Ana: When it comes to my art I’m inspired by Gerhard Richter, Sean Scully, Mark Rothko, Samia Halaby and Monet. They all have a very different approach but their sense of colour is unique. For me, painting lies in the way that one communicates through colour. The juxtaposition of one colour next to another is like composing music through gradients rather than musical scales. Painting is intuitive and simultaneously mathematical - you need to achieve exactly the right amount of each tone in order to balance the whole composition.
Ana: My house lives through my artworks, through their rotation there’s an eternal and playful symphony of colors. My latest piece is a diptych; although entirely different the canvases work in dialogue with one another. Canvas #1 is a multi-media collage. The process began with a background of a faded horizon, similar to the principle applied in my “Accelerated Landscapes” series, the colors transition into one another other and the texture smoothes out to become sleek. After this first layer, I added elements of oil paint with a spatula to form a rich, heavy texture adding a tridimensional effect. Similar to petals in the wind, these elements flow throughout the composition harmoniously.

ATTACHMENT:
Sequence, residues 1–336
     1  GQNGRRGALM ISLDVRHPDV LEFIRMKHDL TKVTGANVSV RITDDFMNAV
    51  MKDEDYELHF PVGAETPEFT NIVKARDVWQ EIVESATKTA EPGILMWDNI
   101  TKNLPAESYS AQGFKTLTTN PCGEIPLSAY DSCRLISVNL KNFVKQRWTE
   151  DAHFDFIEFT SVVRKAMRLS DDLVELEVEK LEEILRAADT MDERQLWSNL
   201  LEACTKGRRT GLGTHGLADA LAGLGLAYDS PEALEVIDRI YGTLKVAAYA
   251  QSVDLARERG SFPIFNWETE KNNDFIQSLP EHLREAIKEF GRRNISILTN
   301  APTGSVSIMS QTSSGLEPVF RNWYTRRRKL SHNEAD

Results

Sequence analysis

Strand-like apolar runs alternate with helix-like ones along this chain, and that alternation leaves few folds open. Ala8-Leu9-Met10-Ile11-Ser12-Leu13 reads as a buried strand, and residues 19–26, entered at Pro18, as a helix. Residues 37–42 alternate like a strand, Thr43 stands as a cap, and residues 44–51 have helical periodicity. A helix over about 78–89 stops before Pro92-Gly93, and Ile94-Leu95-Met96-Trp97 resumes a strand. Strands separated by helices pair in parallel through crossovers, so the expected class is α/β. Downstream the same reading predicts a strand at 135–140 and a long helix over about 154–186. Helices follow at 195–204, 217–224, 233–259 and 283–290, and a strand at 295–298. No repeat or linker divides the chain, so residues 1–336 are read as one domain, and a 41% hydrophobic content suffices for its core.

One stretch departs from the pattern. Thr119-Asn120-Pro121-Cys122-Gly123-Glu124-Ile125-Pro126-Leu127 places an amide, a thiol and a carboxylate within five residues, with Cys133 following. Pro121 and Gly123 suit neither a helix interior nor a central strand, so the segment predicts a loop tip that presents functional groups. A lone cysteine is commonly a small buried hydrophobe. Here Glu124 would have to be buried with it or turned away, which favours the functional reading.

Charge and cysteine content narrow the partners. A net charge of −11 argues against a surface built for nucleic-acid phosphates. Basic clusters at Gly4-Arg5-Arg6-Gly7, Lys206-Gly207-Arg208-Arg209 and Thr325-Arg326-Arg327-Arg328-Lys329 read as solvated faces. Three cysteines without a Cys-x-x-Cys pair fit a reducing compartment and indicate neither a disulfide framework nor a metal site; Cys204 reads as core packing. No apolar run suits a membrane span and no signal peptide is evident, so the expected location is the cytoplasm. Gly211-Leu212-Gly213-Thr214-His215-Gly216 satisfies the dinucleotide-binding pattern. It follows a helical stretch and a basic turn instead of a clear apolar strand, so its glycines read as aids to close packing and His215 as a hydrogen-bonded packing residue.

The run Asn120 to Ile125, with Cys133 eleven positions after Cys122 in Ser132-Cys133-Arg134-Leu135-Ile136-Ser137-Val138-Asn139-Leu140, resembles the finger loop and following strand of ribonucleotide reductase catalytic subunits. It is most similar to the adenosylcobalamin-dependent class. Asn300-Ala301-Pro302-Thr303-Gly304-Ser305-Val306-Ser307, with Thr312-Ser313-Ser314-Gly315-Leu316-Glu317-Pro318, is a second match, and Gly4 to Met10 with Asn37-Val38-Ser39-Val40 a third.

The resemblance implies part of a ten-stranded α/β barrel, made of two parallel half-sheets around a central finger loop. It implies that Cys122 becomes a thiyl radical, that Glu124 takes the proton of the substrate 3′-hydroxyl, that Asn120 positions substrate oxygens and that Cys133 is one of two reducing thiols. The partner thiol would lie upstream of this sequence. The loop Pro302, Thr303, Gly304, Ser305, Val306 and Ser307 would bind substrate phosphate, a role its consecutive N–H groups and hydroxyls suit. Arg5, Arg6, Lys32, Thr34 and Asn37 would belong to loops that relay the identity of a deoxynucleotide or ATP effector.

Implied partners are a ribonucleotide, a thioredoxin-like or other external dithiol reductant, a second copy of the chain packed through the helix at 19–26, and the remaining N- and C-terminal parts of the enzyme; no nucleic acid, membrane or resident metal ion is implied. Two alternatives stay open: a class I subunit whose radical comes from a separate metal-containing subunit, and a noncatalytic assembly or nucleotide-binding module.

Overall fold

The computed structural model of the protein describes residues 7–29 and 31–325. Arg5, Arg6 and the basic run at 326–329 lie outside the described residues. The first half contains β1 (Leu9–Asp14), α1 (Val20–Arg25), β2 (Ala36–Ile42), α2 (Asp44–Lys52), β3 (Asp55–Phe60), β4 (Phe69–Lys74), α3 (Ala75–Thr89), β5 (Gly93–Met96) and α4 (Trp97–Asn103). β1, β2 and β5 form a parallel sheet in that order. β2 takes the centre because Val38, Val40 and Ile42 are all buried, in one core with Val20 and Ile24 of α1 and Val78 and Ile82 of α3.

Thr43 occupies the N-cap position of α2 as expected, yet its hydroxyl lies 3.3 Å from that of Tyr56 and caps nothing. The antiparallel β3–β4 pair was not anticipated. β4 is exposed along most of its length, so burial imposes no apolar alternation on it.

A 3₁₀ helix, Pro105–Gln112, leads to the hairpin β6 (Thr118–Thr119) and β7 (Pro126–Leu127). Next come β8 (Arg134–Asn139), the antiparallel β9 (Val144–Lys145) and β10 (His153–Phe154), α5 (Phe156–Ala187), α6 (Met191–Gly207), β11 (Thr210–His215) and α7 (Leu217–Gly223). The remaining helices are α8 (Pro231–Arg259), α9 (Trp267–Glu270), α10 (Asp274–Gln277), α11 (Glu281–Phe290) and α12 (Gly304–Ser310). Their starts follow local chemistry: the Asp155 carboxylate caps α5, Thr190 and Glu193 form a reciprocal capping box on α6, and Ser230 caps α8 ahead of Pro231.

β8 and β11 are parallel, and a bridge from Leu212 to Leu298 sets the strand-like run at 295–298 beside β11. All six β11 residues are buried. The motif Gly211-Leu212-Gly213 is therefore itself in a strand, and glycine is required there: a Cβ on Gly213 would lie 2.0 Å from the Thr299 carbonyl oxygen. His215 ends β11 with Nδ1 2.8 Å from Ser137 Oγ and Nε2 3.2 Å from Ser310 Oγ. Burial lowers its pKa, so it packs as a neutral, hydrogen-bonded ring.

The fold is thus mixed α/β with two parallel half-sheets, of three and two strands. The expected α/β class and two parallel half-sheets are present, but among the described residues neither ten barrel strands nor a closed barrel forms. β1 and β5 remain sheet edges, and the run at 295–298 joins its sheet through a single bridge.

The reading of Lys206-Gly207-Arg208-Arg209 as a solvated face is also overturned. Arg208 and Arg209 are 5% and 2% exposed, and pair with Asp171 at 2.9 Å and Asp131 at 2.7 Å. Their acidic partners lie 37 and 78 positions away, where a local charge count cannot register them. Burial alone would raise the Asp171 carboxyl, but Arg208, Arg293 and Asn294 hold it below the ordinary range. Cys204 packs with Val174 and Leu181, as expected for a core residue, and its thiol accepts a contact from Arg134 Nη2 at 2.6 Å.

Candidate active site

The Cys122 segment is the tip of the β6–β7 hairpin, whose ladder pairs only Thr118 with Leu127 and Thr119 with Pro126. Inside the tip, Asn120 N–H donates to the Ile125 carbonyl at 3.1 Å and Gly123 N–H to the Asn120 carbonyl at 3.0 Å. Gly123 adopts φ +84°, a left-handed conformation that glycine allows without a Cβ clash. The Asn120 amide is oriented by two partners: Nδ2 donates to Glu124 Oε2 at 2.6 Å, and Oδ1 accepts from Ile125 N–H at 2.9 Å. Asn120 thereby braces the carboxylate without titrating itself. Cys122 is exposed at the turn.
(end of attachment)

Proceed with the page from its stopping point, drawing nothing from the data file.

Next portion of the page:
Canvas #2 reflects the abstract process of deconstruction in the first canvas. I created a strict grid of consecutive horizontal lines that represent paragraphs in a narrative. Each stroke of paint corresponds to one of the gradients used in Canvas #1. Layers of singular colors are built up, adding depth. The final result is a tridimensional matrix of colors that juxtapose in balanced and calculated precision.
Ana: My dream address? A Rio de Janeiro penthouse facing out onto Ipanema! In Dubai, my current community satisfies my creative and familial needs but when recommending areas to friends that are new to the city I often suggest Downtown and Business Bay. There’s a vibrancy similar to the feeling I get when in Soho, New York. I like Residence 22 in particular, the apartments are both modern and elegant with their clean lines, warm wood flooring, full-height windows, the natural light that floods in and the clean kitchen with a central island. Location is also key - the address is within walking distance from many of the Downtown hot spots for dining and fitness.